Marketing Mix Marketing mix must focus on the product, pricing, promotion, and placement of item in order to make it successful. Marketing strategies must feature customer orientation, input, and accessibility in the fight to the top of the market. McDonald’s is no different. An example of this is illustrated with a comparison of McDonalds and Wendy’s. At first glance, they may appear to have roughly the same marketing mix and target markets. Both are fast food and provide similar products. However, looking closer, one can recognize that McDonald’s primary target market is children ages 3-11 and their parents.
McDonald’s understood that the parent was making the purchasing decision, most likely based on price. What McDonald’s marketing executives did was ingenious. They put a $. 50 toy in with the hamburger, french fries, and drink and gave it a special name, the “Happy Meal”. Then McDonald’s marketed the Happy Meal to the kids. If you have you ever asked your child where to buy a Happy Meal, they will tell you that there is only one place you can buy one, and that is at Fun McFactsWhen Was Your McDonald’s Favorite Introduced? 1955 – Hamburgers, cheeseburgers, fries, shakes, soft drinks, coffee and milk 1963 -Filet-O-Fish 968 -Big Mac and Hot Apple Pie 1973 -Quarter Pounder and Egg McMuffin 1974 -McDonaldland Cookies 1977 -Breakfast Menu 1978 -Sundaes 1979 -Happy Meals 1983 -Chicken McNuggets 1986 -Biscuit Sandwiches 1987 -Salads 1998 -McFlurry Desserts 1999 -Breakfast Bagels 2000 -Chicken McGrill and Crispy Chicken 2001 -Big N’ Tasty 2003 -Premium Salads, Newman’s Own?? salad dressings and McGriddles 2004 -2004 Chicken Selects?? Premium Breast Strips McDonald’s. McDonald’s has Ronald McDonald, playgrounds or PlayPlaces, “Happy Meals,” and fun advertisements with brightly colored “Fry Guys” or the “Cheese Burgerler”.
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Contrastingly, Wendy’s targets a more adult market and the restaurants represent a more mature atmosphere with carpet floors and Dave Thomas advertisements. Wendy’s does have children’s meals that offer a toy, but overall the atmosphere attracts a different demographic group. McDonald’s restaurants have a variety of strategies that apply to product, placement, promotion, and price that makes them one of the most successful, well-recognized organizations in the world. Product Strategies McDonald’s marketing strategies should be looked at historically in order to see the larger picture of the firm’s success.
There have been so many strategies since the inception of the firm that it is difficult to account for them all, the two most memorable are the development of the “Golden Arches” and “Ronald McDonald”. These two icons have given customers a mental image of what to look for when they want quality food for a low price fast. The firm revolutionized the fast food industry and positioned itself as the market leader with low-priced, quality food and provided an entertaining atmosphere for the children.
These things were what that the market wanted at the time and the firm answered in spades. The perceived secret of McDonald’s success is the willingness to innovate, even while striving to achieve consistency in the operation of its many outlets. For example, its breakfast menu, salads, Chicken McNuggets, and the McLean Deluxe sandwich were all examples of how the company tried to appeal to a wider range of consumers. The long history of innovation and experimentation resulted in new profit centers like Chicken McNuggets and the breakfast menu.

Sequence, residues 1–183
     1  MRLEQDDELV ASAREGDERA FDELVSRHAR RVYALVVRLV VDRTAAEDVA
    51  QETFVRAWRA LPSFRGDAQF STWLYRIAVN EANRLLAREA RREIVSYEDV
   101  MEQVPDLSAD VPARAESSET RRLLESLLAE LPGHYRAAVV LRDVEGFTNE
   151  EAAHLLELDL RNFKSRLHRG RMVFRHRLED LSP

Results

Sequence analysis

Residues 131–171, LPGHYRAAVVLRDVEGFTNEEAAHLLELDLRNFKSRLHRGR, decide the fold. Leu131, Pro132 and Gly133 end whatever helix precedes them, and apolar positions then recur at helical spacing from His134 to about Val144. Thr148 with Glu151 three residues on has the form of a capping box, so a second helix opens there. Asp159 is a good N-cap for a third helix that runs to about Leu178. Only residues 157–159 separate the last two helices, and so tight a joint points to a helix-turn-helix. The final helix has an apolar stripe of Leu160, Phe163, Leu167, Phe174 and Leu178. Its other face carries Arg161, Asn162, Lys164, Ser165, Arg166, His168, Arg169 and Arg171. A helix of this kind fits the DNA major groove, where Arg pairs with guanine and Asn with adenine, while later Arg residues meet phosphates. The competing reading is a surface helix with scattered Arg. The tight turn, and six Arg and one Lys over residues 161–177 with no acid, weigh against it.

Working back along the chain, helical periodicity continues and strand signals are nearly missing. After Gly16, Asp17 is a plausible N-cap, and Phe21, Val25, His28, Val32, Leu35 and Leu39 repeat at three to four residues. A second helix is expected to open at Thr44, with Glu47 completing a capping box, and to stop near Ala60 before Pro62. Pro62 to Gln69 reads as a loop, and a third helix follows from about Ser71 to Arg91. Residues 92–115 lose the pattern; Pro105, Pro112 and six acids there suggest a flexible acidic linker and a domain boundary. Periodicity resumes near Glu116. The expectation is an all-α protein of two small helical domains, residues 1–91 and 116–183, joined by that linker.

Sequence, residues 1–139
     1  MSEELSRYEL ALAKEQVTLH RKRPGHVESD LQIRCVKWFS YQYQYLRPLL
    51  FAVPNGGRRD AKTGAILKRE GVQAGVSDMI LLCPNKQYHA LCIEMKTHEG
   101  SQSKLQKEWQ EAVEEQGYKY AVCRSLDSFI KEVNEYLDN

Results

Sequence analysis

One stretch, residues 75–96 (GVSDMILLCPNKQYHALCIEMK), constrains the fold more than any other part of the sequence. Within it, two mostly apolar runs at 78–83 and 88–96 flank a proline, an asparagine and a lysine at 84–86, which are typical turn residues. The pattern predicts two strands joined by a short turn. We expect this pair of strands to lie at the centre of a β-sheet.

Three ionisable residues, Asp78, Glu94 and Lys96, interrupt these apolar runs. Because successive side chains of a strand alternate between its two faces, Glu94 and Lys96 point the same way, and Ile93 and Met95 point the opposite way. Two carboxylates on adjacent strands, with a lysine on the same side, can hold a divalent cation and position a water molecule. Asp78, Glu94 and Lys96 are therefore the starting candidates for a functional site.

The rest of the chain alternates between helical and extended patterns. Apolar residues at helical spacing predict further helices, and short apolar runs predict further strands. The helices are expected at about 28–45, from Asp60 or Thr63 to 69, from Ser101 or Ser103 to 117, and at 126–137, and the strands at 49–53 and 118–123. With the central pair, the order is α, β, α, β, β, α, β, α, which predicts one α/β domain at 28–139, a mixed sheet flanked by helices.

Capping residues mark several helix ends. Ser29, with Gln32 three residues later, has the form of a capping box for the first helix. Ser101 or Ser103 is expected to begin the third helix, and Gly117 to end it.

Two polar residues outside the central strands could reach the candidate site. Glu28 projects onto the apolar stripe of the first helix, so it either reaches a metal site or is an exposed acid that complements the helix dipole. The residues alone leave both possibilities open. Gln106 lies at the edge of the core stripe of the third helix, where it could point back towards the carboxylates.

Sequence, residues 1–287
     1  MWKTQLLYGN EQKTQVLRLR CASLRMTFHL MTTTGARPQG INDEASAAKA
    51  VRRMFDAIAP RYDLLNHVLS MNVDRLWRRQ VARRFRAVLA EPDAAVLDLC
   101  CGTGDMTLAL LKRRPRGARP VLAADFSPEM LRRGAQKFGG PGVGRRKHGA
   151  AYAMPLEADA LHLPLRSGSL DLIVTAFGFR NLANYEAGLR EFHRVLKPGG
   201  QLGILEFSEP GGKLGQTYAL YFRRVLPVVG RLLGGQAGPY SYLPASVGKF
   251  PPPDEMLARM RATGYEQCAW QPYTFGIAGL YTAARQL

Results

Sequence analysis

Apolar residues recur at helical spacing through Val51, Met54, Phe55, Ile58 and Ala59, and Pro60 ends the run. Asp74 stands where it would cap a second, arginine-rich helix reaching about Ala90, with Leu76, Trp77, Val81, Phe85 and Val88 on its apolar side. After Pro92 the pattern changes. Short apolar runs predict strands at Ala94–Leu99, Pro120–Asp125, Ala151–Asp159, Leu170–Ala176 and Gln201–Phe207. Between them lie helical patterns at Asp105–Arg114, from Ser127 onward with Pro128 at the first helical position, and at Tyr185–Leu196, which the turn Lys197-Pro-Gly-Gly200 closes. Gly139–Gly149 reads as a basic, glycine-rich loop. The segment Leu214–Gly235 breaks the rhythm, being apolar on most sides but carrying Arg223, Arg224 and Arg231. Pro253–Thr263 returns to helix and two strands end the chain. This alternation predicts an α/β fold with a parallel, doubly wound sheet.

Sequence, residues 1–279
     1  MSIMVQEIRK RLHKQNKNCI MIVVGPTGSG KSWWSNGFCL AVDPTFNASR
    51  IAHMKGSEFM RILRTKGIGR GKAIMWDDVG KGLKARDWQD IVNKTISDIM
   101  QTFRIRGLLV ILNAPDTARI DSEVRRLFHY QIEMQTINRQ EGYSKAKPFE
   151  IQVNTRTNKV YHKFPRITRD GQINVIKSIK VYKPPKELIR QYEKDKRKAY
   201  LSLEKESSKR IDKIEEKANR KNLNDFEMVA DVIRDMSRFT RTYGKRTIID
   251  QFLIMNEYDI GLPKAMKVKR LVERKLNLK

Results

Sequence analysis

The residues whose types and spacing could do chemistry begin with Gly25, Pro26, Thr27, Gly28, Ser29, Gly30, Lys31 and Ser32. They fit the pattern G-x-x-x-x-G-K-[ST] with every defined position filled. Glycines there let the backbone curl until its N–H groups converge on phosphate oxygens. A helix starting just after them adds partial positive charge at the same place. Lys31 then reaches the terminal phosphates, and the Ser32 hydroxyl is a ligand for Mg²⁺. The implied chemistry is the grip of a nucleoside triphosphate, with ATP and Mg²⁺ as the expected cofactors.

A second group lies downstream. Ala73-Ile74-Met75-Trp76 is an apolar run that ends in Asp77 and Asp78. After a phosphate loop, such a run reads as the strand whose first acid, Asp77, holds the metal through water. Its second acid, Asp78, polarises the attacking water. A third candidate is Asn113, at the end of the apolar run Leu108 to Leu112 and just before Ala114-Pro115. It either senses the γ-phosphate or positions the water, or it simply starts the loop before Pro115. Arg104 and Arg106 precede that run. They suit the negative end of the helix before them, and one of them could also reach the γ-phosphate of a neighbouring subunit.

Innovation and experimentation also produced some disappointments like the McLean Deluxe, but inevitably experimentation in limited outlets provides McDonald’s a way to retain its key strengths-quality and consistency-while continuing to evolve. The use of franchising, again, provides various perspectives that, in turn, lead to innovation for products and solutions. Franchisees agree to operate their restaurants in the “McDonald’s way” but there remains room for innovation. Many ideas for new menu items come from franchisees responding to customer demand.
Developing new products is crucial to any business even those that successfully relied on a limited menu for many years. As consumer tastes change, menu innovation injects enthusiasm allowing the firm to explore markets previously overlooked or ignored. The “Egg McMuffin”, for example, was introduced in 1971. This item enabled McDonald’s to accommodate consumers of the breakfast market. Filet-o-Fish, Drive-thrus, and Playlands were all products or concepts developed by franchisees.
McDonald’s tries a few new concepts simultaneous in different parts of the country to find the most promising new menu item. Those with the most potential could be rolled out further, while the ineffective ideas could be left to die quickly. This strategy may be expensive, but the potential to unleash new areas of growth in a maturing market seems to be right in line with what McDonald’s has always done. In addition to the local flavors that have been created in the US, McDonald’s international restaurants have been conforming to local, regional, and ethnic tastes, too.
In a recent McDonald’s case study this was explained further: “For example, ‘Maharaja McBurger’ is a vegetarian burger marketed in India. The special requirements for ‘Kosher’ foods are followed in Israel. Similarly, McDonald’s offers ‘Halal’ food in Muslim countries such as Saudi Arabia, UAE, Kuwait, Indonesia, Malaysia, Pakistan, and Bangladesh. During promotions, McDonald’s also introduces several other products. For example, its ‘Prosperity Burger’ is popular in China, Taiwan, Hong Kong, and Singapore at the time of the Chinese New Year celebrations.